Soweto derby could be the litmus test for proposed Vodacom boycott

The Constitutional Court ordered in 2016 that Vodacom must commence negotiations in good faith with Makate to determine a reasonable compensation payable to him for his idea.

The court said in the event of the parties failing to agree on the reasonable compensation, the matter must be submitted to Vodacom’s CEO for determination of the amount within a reasonable time.

Earlier last month, Vodacom announced that the CEO Shameel Joosub had determined the suitable amount, as ordered by the court, after the parties failed to reach an agreement.

However, Makate said the amount offered by Vodacom was shocking and insulting.

Lesufi said on Wednesday he remained hopeful that Vodacom and Makate would reach an agreeable settlement before 10am on Thursday. If no agreement was reached by this deadline, he called on South Africans to terminate their contracts with Vodacom and stop buying airtime and data vouchers from the company.

“I remain hopeful. I am in discussions behind the scenes with some leaders of Vodacom. There is hope that there can be a breakthrough between today and tomorrow,” said Lesufi.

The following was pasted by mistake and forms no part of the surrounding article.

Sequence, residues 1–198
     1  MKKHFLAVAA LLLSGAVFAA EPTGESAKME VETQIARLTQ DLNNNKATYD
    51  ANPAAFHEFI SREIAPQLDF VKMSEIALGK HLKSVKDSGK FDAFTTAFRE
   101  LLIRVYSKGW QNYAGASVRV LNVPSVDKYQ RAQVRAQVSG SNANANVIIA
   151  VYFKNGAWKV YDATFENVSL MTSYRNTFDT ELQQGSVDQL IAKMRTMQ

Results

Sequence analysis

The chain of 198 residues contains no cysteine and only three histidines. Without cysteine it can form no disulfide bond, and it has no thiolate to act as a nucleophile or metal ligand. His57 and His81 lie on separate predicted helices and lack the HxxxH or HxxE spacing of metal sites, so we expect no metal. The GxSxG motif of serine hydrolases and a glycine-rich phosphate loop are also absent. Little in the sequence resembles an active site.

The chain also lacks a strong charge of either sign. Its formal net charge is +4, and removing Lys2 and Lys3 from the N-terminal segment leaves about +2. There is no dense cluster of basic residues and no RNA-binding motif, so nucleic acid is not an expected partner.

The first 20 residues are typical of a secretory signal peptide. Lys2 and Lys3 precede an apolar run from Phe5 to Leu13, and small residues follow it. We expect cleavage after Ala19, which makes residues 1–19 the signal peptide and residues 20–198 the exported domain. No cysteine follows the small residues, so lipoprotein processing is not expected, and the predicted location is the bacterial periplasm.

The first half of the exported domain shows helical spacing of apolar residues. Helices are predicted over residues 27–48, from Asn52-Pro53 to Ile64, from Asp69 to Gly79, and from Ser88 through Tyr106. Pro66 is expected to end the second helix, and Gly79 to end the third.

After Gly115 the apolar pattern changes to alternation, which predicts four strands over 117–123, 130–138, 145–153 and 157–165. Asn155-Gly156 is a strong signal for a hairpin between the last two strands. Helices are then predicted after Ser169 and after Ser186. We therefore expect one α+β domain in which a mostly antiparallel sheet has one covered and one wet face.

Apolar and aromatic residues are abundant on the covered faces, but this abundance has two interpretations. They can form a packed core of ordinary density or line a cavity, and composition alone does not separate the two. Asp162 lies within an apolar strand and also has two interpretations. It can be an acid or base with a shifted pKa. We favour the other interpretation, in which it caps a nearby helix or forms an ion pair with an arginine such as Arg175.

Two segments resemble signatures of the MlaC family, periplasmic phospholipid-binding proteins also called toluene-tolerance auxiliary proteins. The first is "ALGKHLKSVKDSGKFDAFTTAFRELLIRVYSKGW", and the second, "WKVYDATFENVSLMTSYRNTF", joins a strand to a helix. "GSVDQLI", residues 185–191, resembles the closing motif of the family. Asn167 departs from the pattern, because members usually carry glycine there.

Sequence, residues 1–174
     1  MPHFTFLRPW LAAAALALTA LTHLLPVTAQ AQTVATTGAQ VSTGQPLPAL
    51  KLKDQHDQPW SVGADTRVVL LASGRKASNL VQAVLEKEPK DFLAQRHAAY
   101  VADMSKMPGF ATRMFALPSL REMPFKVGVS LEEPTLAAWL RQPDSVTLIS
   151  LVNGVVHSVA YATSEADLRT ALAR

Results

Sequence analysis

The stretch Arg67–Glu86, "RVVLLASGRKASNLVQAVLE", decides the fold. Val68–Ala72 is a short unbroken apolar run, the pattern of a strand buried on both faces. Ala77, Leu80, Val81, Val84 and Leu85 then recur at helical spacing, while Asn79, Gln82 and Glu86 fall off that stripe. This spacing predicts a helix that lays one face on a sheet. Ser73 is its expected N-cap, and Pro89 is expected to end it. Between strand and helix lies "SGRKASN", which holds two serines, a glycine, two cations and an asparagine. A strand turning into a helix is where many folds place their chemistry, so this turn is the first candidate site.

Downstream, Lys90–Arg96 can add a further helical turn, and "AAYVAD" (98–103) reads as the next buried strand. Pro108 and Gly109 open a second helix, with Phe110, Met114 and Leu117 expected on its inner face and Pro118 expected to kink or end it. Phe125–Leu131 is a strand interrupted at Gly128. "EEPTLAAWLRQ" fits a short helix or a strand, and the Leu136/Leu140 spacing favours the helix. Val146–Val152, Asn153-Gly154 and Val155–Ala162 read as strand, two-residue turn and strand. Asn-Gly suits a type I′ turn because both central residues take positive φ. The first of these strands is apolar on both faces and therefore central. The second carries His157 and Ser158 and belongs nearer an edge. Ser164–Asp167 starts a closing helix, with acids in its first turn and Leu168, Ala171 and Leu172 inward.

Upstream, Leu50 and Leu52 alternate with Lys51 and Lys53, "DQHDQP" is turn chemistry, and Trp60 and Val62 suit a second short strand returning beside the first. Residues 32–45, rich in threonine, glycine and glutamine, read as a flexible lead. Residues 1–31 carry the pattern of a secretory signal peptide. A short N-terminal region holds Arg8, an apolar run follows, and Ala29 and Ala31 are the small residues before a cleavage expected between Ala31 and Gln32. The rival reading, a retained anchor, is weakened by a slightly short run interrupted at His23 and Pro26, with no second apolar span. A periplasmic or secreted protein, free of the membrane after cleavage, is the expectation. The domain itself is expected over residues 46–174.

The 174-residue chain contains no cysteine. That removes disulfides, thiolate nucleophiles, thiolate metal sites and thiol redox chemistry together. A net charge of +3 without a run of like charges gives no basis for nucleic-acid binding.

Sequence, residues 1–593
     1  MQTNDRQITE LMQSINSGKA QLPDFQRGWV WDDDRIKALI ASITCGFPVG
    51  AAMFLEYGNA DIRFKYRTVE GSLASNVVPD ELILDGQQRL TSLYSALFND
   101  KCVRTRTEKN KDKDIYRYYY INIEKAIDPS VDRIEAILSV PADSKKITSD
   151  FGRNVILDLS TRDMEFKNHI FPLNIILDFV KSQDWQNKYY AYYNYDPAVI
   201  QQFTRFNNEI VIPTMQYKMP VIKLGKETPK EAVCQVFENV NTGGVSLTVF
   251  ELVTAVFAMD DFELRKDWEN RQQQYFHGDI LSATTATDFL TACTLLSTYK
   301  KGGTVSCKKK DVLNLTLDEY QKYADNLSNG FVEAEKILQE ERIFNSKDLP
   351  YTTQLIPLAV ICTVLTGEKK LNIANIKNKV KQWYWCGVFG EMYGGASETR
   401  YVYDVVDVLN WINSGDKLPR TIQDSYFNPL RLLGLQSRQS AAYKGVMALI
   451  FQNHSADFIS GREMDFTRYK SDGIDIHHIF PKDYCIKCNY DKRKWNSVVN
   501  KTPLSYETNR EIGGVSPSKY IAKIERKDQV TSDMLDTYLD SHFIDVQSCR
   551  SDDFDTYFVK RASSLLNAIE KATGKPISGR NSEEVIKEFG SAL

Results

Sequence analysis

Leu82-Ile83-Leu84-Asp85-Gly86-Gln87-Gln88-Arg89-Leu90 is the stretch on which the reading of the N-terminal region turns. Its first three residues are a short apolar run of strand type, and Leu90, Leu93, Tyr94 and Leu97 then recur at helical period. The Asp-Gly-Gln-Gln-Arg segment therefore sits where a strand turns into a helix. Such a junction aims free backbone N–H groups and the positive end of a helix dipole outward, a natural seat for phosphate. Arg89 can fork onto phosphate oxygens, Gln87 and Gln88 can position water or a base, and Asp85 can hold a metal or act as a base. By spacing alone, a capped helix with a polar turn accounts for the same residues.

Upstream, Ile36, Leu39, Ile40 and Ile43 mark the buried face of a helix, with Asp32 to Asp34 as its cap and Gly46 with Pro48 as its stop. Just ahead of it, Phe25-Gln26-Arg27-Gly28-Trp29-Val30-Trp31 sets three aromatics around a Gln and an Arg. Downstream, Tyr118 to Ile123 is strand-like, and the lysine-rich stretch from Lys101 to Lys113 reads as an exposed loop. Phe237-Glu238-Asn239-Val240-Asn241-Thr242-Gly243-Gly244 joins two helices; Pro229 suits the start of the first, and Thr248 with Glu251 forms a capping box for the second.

Lesufi added that there would be “no need” for planned demonstrations at Vodacom’s headquarters in Midrand on Thursday because the company had already announced that it would be “closing all the shops” on the day.

Vodacom spokesperson Byron Kennedy said it was aware of a planned protest at its Midrand offices.

“Vodacom respects the right of every South African to freedom of expression and to hold legal and peaceful protests. As a responsible corporate, and in the normal course of business, we have continuity plans in place to manage any eventuality,” said Kennedy.

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“We would like to reiterate that we have fully complied with the order of the Constitutional Court and that we are ready and willing to pay Mr Makate a substantial amount.” 



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